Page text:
A fairer prospect for waterfowl: A progress report on three top issues

Ducks and geese are raised for meat and egg production in many countries, and the most significant current welfare issues include the plucking of feathers from live birds, force-feeding practices related to foie gras production and a lack of full-body access to water for the expression of normal behaviours such as swimming
calendar icon 2 January 2019
clock icon 6 minute read

Words Treena Hein

Sophie Elwes, senior scientific officer at the RSPCA in the UK, notes that it’s difficult to say which is of the greatest concern, both in Europe and globally. “The two aspects are the severity of the suffering, from forced feeding to behaviour frustration, from the very cruel down to poor welfare,” she notes. “And then you have the scale of the suffering. There are not many countries that have foie gras production, and live plucking happens in Hungary and Poland and China, but full-body access to water I would say is not something that is provided except on small free-range operations. Consumers aren’t generally aware that ducks raised for slaughter don’t have access to water for swimming.”

Dr Sara Shields, behaviour and welfare specialist for farm animals at Humane Society International, notes that while there has been progress addressing the live plucking and force-feeding issues, the problem of access to water has received less attention. “The science is very clear that ducks and geese, being waterfowl, require access to an open water source,” she notes, “to meet their behavioural needs.”

In 2008, the RSPCA commissioned University of Cambridge scientists to examine what facility design best enables ducks to carry out normal water-related behaviours. Updated RSPCA welfare standards were published in 2015, but Elwes says these have not been adopted.

For its part, the British Poultry Council (BPC) states on its website that “producers are encouraged to seek designs of water facilities that fulfil the water-related preening behaviours of ducks. It is this latter requirement that has brought the RSPCA into conflict with the BPC over the Duck Assurance Scheme (DAS, a voluntary scheme launched by the BPC in 2010, which will be handled by assurance body Red Tractor on 1 July). The DAS rules state that water systems should be designed to allow water to cover the head and be taken up by the bill so that the duck can shake water over the body without difficulty. Where drinking water is provided by nipple drinkers, the DAS requires that additional bathing water must be provided [through the use of] troughs, wide-channel type bell drinkers, baths or showers.”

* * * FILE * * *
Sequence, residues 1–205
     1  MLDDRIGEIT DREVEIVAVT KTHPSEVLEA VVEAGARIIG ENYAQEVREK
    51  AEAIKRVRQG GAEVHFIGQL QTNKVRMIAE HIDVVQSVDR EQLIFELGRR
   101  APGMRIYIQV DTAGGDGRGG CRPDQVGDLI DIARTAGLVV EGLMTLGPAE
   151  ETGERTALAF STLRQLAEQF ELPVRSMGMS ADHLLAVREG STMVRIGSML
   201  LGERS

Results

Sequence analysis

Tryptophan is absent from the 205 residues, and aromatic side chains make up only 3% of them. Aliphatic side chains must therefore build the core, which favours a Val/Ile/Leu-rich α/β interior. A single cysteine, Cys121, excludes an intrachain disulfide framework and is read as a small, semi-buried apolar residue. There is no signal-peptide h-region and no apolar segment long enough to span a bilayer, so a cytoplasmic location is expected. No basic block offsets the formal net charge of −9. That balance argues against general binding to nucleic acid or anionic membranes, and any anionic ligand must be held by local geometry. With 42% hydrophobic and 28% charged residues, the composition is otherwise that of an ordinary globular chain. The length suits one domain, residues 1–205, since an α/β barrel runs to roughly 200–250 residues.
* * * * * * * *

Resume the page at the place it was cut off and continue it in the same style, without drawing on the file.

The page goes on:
BPC Public Affairs Manager Shraddha Kaul states that over 90 per cent of the UK duck producers are members of DAS and confirms that these producers are providing head bathing water through troughs, wide-channel bell drinkers, baths or showers required under DAS. “The provision of water for bathing is meeting the needs of the birds as well as protecting their well-being,” states Kaul, adding that, “The BPC established the DAS in the absence of any UK or EU legislation. We’ve done the research into provision of water, stocking densities and welfare outcomes.” Elwes notes that it wouldn’t cost much to have troughs, wide-channel bell drinkers, baths or showers added to duck barns, but it would reduce stocking density a little.

Foie gras